Not only does the city offer the continuum of the human experience, I like to go to grocery stores to see what the locals purchase.  I like a well-stocked grocery with a wide array of ethnic ingredients, and Los Angeles does not disappoint!  Opportunities for dining out are fabulous!  One of my favorite hamburger spots is In-n-Out Burgers!  Opened in 1948 by the Snyders, the franchise boasts that it has no freezer or microwave.  Each “store” provides a viewing window, where we wait and watch each burger assembled.  The “double-double” has two freshly cooked patties that are place on buttered-toasted buns, freshly sliced onion and tomatoes and a chunk of lettuces pulled from the freshly broken head.  The fries come from a potato placed in a chopper directly into the hot oil.  All this is washed down with a sparkling cola.  There are even items from a “hidden” menu such as “animal fries” and a patty cooked for your dog! 

In and Out

After sitting with my brother-in-law, as he received chemo-therapy infusion, we treated ourselves to a snack of “inari-sushi” from a “stand” that has been in existence from Dale’s (my spouse) childhood. He’s 69 years old, so that Inari-Sushi stand has been around for a while.  One orders from a window, and the person brings the order to the car.  Inari-shushi is sushi rice, sesame seeds, with seasoned rice vinegar tucked into a tofu pocket.  Eaten with soy sauce and pickled ginger, it’s a taste explosion you won’t soon forget.  Now, I’m on the hunt for recipes on making the tofu pocket!   

Thank you for reading.

Eggplant Parmigiana – Made Simply

I might be a little brain dead at the moment, so I’ll just write about this evening’s dinner.  Again, I didn’t set out for this to be a blog only about food, though its preparation wanders into a sort of therapy for me, sometimes.  I have many topics on which I want to share.  I don’t want to be boring, however.  Sooner or later, I plan to discuss food in books a bit more along with other points of interest such as music, film, history, culture, and themes of social justice.  Let’s continue with food, for now.

My all-time favorite cookbook, given to me by my friend, Lynn, is more of a story book, called There’s a Tuscan in my Kitchen, written by restauranteur, Pino Luongo, who hails from Tuscany (Toscana) region of Italy.  Tuscany sits on the same latitude as Corsica (birthplace of Napoleon) and would be considered the upper part of the “boot” (but not the upper flaired part!), that is Italy.  The Tuscan region is on the Ligurian Sea.  Luongo’s book tells a story of each featured dish. My favorite part is that he does not give the reader/cook ratios and measurements for each dish.  He trusts the reader to make his/her own judgement.  He does list the ingredients based on where one might find them: pantry, cold storage, and market.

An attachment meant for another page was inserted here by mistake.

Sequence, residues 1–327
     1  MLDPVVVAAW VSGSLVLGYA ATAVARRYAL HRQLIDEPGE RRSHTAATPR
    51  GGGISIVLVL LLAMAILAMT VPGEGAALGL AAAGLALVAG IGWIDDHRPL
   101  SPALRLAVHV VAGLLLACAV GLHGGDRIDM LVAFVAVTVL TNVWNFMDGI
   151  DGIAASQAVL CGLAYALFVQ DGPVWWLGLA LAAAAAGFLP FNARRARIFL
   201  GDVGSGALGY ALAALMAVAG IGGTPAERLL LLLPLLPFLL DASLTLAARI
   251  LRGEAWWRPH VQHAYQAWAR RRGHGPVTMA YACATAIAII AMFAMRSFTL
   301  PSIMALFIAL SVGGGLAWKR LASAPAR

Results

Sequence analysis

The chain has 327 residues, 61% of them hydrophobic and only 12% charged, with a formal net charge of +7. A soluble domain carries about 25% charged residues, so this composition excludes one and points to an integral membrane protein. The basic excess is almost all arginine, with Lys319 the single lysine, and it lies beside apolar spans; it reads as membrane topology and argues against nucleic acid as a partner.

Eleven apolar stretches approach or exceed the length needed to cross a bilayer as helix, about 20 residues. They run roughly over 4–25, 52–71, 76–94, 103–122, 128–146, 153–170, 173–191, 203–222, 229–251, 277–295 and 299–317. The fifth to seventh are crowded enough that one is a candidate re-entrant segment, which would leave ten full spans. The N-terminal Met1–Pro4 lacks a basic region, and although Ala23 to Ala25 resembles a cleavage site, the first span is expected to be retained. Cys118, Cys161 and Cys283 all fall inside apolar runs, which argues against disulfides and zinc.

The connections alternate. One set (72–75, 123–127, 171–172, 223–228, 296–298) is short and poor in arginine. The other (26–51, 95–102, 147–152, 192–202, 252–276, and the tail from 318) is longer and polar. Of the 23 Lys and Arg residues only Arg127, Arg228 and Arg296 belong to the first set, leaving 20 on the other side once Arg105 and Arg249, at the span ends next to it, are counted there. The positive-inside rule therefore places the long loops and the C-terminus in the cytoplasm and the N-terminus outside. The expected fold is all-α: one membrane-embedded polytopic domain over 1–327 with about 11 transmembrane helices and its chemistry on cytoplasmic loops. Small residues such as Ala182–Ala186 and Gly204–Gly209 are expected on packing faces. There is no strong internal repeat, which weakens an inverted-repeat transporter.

Yes.  I love Luongo’s book, but my food travel, this evening, goes north to Parma!  This evening’s menu: Eggplant Parmesan on linguine (literally, “little tongues” from the Liguria region west of Parma).

Since my basil garden continues to be quite prolific, I have a goal of incorporating the “mint cousin” into as many dishes as possible.  First, however, I sliced the eggplant, and salted it on each side before laying the slices on paper towel to drain from lunch time to evening.

eggplant-draining.jpg

My sauce:

  1. 1 can whole tomatoes
  2. 1 very large bunch fresh basil leaves
  3. 4 cloves of garlic
  4. ¼ yellow onion
  5. 1 TBS mix of dehydrated and ground onion, celery, and mushroom (my own creation)
  6. Salt and pepper
  7. ¼ cup red wine

Blend all ingredients, then pour into cooking pot and simmer for three- four hours (I put these ingredients in the pot when I came home for lunch and simmered on low until I returned).

Put 2 eggs into a pan.  Dip the sliced eggplant in egg mixture then in flour before placing in hot oil to fry until golden brown.  Place browned slices into a glass cake pan in one layer until all slices have been browned.

Pour your simmered red sauce on the browned eggplant slices, then cover with Parmesan cheese and mozzarella.  Bake in a 350-degree oven until the sauce is bubbly and the cheese is browned.

EPP in the pan

Serve the eggplant and sauce on top of linguine or spaghetti.  Enjoy with a salad and a beverage of your choice.

Thank you for reading!

 

 

Another Exciting Day in Peru

Yesterday, I introduced the topic a trip I took to Peru as part of a leadership program focused on agriculture and rural life.  Our first stop was Lima, which was the central travel point to each part of our journeys across the country.  So, from Lima, we departed to Chincha by bus, to Tarapoto (the jungle region), by airplane, to Cusco (the high Andean region) by plane, and back home, by plane.  Those trips will be outlined in due time.